Classification: Gods (Extra-Dimensionals/Immortals)
Location/Base of Operations: Celestial Heliopolis
Known Members: Ammon Ra, Ammut, Anubis (god of the afterlife), Bast (aka Panther God, god of pleasure, poetry & dance), Bes (god of luck & probability), Geb, Crocodile God/Sobek (god of rivers), Horus (god of the sun), Isis (goddess of fertility), Keku (Ogdoad, god of darkness and chaos), Khonshu (god of the moon), Neith (Gaea), Nut, Osiris (god of the dead), Sekhmet (aka Lion God, god of war), Seth (god of evil), Toth (god of wisdom)
Affiliations: Other races of Gods
Aliases: Heliopolitan Gods,
Heliopian Gods, Neter, Neteru;
The Ennead & Ogdoad (two branches within the pantheon)
First Appearance: (Mentioned) Captain America Comics#20 (November, 1942); (seen) Marvel Tales#96 (June, 1950)
Powers/Abilities/Traits: The Heliopolitans all possess certain superhuman physical attributes. They are true immortals who cease to age upon reaching adulthood, and they cannot die by conventional means. The Heliopolitans are immune to all terrestrial diseases and are resistant to conventional injury. If a Heliopolitan is wounded, his or her godly life force will enable him or her to recover at a superhuman rate. It would take an injury of such magnitude that it incinerates a Heliopolitan or disperses a major portion of his or her bodily molecules to cause him or her to die. Even then, it may be possible for a god of greater or equal power, or several gods acting together, to revive the deceased god before the god's life essence is beyond resurrection. Heliopolitan flesh and bone are about two-and-a-half times denser than similar human tissue, contributing to the gods' superhuman strength and weight. An average male god can lift about 30 tons; an average goddess can lift about 25 tons. The gods' metabolism gives them superhuman endurance in all physical activities. Many Heliopolitans also possess additional superhuman powers. For instance, the god of luck Bes can bend probability to his advantage or to the disadvantage of others. Most Heliopolitans are also skilled therianthropes, able to shift from humanoid form into the animal form that is most sacred to them. Most prefer to manifest in a theriocephalous form with a humanoid body and an animal head.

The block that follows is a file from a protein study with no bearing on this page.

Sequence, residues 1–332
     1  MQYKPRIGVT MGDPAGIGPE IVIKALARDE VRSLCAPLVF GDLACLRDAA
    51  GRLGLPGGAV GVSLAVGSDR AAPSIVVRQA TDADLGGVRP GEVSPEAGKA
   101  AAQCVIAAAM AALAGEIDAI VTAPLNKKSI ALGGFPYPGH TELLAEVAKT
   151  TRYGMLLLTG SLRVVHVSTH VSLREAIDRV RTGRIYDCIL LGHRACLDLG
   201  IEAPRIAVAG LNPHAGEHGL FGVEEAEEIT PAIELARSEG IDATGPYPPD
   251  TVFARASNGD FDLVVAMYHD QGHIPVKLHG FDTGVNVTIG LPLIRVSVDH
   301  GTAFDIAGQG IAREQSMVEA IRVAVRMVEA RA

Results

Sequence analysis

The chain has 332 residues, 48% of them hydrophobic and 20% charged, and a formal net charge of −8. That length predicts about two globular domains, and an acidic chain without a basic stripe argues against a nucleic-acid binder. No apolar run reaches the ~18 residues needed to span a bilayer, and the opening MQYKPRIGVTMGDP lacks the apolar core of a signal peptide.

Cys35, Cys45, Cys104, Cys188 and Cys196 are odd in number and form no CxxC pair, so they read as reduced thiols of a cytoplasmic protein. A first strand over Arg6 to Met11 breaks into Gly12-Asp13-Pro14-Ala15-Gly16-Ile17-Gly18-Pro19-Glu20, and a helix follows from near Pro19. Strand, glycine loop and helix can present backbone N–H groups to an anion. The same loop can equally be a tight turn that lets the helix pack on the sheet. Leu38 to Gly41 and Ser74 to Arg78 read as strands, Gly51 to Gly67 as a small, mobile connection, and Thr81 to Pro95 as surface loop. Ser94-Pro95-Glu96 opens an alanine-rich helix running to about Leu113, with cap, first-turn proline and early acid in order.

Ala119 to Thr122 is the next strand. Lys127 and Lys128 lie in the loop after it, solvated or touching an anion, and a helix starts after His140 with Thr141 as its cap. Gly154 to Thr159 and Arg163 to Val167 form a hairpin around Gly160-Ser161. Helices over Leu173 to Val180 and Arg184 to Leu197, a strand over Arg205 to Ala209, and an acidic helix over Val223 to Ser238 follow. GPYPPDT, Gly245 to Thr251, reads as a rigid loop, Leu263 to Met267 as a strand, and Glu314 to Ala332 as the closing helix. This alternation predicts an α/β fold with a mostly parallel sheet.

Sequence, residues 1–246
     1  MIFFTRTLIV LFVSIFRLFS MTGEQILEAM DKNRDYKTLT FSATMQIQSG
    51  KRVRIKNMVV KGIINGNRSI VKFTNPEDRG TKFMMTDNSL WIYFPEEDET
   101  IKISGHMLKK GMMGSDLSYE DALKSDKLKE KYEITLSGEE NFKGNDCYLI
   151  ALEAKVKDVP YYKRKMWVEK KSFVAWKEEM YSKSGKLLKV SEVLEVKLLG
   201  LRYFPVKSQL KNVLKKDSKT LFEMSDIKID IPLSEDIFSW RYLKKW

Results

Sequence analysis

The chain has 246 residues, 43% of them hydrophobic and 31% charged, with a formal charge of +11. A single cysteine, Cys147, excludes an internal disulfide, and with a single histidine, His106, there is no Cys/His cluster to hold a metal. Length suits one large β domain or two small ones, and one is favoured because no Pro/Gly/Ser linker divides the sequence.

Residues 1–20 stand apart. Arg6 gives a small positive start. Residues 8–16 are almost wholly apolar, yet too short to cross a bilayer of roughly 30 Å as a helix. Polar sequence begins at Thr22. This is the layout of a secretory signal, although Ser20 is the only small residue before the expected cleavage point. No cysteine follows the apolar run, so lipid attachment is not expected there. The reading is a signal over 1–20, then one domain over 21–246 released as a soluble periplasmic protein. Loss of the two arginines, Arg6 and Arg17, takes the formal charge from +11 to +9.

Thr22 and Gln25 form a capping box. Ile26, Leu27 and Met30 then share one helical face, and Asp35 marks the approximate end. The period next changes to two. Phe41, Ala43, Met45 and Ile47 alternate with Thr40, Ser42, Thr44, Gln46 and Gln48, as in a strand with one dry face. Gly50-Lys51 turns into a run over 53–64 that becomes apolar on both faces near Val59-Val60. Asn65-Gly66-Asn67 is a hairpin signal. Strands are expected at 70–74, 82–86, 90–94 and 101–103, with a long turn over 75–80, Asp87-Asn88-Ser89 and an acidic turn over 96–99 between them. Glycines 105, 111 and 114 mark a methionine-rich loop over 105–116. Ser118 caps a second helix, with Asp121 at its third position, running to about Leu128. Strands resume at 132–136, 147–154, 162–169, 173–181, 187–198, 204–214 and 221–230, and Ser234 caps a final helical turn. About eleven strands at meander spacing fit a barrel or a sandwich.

History: (Thor & Hercules: Encyclopedia Mythologica) - The Heliopolitans (also known as the "Ennead," "Pesedjet," or "Egyptian gods") are a race of superhumanly powerful humanoid beings who have been worshipped by inhabitants of the Nile River Valley from as early as 10,000 BC until approximately the 5th century AD. Most of the Heliopolitans dwell in Celestial Heliopolis (known to the ancient Egyptians as "Aaru"), a small dimension adjacent to Earth; the nexus between Celestial Heliopolis and Earth is a golden bridge known as the "Path of the Gods," which connects to Earth near the Giza Necropolis in modern-day Giza, Egypt. The netherworld of Duat is associated with Celestial Heliopolis and connects to Earth at a nexus near modern-day Naama Bay, Sharm el-Sheikh, Egypt. Generally speaking, the Heliopolitans no longer have worshippers on Earth. Upon the spread of monotheism in Egypt, many Heliopolitans were abandoned by their worshippers. However, Bast (the Panther God) maintained his status as the patron deity of the landlocked East African nation of Wakanda. Sekhmet (the Lion God) and Sobek (the Crocodile God) also maintained influence as the patrons of less influential East African cults.